However, with the firm keeping an eye on its cost base in a bid to maintain profitability, Freshfields’ heightened salary offering means a compromise has had to be made elsewhere.
“If you take a closer look, what this actually means is that a greater proportion of total pay is now being paid as salary and a smaller proportion is paid as bonus,” says Jackson. “So in reality, the actual annual cost to the firm hasn’t increased.”
Another implication of the US firms’ aggressive growth strategy is that they are hitting UK firms where it really hurts - at partner level.
In recent months Freshfields has seen four of its partners defect to US firms, the most recent being local managing partner Ng Kay Ian, who joined Sullivan & Cromwell along with counsel Gwen Wong in June.
Cache over cash
Although most UK firms have felt the pressure, few have moved to match the US firms’ Hong Kong associate pay packages. Some, however, are increasing their bonus pools to incentivise their associates.
“The market in Hong Kong’s quite strong and this leads to some salary increases in the market generally,” explains Clifford Chance Asia head Peter Charlton. “There’s influence from the expansion of the US firms, but that influence is neither a big deal nor is it new. When you look at overall remuneration packages, the difference between top US and UK firms is less significant. While US firms pay a higher base salary we pay our associates a more significant bonus, which can be up to 50 per cent of their annual salary, depending on several factors.
“Instead of paying a higher base salary to everyone we prefer to put in place a better bonus system that recognises overall performance and the contribution of individual lawyers - one that’s fair to lawyers who have worked hard and made a strong contribution.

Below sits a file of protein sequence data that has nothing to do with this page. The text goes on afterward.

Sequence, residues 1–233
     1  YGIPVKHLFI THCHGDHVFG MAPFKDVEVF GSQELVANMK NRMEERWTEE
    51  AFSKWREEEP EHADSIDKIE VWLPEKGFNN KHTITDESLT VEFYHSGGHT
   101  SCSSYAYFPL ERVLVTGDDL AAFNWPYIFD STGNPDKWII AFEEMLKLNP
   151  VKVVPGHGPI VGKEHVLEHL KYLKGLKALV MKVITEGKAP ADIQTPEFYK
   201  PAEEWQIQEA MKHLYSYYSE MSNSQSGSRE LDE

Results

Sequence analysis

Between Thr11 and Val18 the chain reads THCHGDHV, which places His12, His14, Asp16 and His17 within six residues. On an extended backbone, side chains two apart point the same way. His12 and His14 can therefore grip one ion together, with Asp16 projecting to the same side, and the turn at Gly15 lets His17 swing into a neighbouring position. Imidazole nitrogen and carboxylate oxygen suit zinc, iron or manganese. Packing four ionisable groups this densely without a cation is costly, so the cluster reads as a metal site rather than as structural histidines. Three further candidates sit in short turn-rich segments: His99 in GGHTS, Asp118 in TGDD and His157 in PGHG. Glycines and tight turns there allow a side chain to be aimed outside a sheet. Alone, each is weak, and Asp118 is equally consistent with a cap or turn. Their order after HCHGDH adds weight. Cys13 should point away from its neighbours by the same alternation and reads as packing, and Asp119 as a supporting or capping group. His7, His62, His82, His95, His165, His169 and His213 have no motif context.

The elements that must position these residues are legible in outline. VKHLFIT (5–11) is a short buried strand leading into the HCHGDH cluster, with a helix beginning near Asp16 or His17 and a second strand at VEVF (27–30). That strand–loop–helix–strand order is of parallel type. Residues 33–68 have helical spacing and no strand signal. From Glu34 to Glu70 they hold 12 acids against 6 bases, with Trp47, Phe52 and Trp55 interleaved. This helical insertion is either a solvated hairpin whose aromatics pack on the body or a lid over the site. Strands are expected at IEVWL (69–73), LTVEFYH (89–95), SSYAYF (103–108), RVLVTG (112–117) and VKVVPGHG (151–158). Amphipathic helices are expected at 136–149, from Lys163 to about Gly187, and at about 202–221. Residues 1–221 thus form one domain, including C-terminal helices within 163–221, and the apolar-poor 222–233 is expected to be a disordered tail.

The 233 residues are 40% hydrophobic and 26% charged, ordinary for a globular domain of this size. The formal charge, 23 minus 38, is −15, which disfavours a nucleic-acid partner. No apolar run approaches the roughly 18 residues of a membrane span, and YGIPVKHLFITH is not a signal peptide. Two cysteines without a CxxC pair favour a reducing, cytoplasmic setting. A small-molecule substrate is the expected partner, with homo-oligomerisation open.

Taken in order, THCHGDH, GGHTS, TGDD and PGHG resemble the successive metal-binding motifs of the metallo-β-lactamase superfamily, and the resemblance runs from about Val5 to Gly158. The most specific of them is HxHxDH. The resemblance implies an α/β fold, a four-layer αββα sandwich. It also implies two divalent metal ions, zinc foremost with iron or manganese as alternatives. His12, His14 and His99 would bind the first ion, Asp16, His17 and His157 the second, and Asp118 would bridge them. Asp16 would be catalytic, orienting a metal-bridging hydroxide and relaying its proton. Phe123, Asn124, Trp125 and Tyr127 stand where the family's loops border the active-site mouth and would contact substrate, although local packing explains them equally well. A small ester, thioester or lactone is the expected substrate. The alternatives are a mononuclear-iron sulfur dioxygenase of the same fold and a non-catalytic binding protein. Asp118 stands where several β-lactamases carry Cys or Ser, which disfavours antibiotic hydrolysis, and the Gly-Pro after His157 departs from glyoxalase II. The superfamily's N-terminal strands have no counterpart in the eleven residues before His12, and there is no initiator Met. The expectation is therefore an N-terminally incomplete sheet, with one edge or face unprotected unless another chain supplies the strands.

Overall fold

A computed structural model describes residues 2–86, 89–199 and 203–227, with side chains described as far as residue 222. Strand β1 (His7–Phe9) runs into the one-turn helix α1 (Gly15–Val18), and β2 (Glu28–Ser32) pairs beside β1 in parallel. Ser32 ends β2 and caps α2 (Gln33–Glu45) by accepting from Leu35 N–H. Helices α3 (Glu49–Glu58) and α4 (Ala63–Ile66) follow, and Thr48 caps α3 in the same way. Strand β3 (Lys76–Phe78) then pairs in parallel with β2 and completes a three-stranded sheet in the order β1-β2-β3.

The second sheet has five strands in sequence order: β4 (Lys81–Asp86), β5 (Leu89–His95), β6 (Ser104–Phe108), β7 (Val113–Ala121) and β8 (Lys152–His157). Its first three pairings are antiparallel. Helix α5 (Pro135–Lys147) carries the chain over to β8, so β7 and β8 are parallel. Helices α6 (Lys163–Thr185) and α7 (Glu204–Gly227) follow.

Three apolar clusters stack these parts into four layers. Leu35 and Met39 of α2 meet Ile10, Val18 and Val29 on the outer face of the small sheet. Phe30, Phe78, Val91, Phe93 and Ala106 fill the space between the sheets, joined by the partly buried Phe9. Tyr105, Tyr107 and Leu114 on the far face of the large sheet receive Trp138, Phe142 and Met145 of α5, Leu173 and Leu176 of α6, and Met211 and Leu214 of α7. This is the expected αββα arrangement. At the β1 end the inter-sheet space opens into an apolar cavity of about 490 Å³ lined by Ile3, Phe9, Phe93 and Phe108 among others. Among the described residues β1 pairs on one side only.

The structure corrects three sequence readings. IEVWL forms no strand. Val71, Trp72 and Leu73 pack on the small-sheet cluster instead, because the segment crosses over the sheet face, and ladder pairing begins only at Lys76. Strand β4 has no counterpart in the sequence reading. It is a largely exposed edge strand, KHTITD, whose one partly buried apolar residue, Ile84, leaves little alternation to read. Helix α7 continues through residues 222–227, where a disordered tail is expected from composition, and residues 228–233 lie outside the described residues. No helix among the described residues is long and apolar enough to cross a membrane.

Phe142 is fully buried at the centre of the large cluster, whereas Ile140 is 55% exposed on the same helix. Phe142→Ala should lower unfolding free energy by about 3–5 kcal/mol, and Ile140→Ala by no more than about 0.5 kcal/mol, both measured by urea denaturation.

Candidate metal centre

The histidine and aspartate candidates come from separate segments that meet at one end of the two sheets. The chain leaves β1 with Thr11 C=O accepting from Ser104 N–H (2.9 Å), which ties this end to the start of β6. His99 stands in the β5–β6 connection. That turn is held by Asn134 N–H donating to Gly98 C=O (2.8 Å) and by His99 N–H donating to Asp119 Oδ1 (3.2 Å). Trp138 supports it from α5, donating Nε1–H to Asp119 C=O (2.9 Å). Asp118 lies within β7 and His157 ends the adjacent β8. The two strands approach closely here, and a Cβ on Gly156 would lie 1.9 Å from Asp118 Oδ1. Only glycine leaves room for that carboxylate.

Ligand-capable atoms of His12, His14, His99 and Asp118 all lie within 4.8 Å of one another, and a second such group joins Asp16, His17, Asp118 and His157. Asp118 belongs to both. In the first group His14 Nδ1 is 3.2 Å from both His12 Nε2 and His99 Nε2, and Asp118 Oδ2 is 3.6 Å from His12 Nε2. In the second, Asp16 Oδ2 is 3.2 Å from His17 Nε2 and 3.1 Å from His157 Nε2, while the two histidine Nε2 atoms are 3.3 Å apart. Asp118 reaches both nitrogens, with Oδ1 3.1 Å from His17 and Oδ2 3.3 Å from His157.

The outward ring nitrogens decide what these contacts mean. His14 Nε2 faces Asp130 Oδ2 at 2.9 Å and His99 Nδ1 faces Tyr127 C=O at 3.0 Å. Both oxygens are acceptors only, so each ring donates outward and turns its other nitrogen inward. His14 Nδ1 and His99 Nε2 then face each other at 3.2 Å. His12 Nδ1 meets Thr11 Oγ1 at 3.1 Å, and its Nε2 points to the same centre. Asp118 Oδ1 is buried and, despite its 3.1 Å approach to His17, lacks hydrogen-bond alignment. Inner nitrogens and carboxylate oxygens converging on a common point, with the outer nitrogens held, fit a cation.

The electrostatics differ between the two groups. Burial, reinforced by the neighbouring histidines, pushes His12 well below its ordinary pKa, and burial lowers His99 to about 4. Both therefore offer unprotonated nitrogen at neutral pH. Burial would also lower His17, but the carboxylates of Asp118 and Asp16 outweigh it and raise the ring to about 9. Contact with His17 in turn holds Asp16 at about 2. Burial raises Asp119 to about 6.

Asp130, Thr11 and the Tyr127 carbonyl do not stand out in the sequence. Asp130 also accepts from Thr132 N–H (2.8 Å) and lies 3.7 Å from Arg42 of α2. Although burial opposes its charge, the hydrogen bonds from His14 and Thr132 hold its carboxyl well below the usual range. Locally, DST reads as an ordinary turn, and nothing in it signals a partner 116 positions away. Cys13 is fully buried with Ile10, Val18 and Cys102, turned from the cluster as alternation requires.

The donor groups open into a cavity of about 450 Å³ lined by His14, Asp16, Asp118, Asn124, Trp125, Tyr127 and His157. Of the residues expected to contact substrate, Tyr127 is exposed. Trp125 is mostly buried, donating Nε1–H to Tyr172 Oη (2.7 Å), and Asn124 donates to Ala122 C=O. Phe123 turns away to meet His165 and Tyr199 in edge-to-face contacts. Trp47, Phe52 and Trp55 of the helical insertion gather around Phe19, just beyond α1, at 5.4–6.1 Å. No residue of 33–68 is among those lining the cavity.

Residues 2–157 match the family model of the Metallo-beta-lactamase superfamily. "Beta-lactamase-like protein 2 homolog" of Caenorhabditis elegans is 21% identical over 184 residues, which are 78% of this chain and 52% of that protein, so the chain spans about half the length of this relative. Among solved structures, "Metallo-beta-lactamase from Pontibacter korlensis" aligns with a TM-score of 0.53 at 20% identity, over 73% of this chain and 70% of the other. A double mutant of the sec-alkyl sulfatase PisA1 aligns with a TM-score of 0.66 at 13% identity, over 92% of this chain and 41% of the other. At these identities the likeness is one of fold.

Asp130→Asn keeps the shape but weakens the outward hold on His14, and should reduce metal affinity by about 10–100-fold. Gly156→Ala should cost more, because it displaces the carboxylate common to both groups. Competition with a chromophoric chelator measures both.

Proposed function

“Some lawyers will be attracted by the big money, but there are things other than money, such as firm culture, the nature of the work, a supportive environment, career and partnership prospects and a global platform.”
The Asian market is highly price-competitive. Charge-out rates in Hong Kong for Asia-related transactions are generally lower than rates in cities such as London and New York, but the cost of doing business in Hong Kong is high.
Many international firms are operating in Hong Kong on slimmer profit margins than in their home jurisdictions. They are also struggling with the pressure of rising operational costs and the impact of Asian firms offering competitive fee rates. As a result partners at UK firms are generally sceptical about whether paying New York rates in Hong Kong is sustainable.
“Legal salary levels in Hong Kong have gone up significantly since US firms started expanding, principally in capital markets, where they’re hiring Hong Kong-qualified lawyers,” relates a partner at a silver circle firm’s Hong Kong office. “However, there’s a wide variation in the quality of associates they’ve hired. Some not-so-high-quality lawyers are getting paid a vast amount. It’s just madness and it won’t last.”
The partner also points out that Hong Kong is a volatile market and that the number of associates in law firms fluctuates frequently in line with the economic cycle.
“If IPO and equity capital markets work falls off - as it looks like they may well do in the next two quarters - the salary increases will slow down,” he posits.
Centre of attention
Whether UK firms will lose out to their US rivals as a result of the salary increases is hard to tell at the moment.
Nevertheless, the latest salary figures have reaffirmed the strategic importance of Hong Kong to global law firms and have put the jurisdiction firmly on a par with London and New York as a global financial and legal centre.
“What’s happened in Hong Kong suggests that its legal market has reached a global level of sophistication and magnetism,” says Eich. “Global firms’ management teams are now applying in Hong Kong the same sort of salary structures as in other developed legal markets. Hong Kong’s taken a step towards becoming one of the key global legal centres.
“According to the law of supply and demand, there’s essentially now a global price for the highest-qualified associates. Hong Kong’s become part of that global labour market.”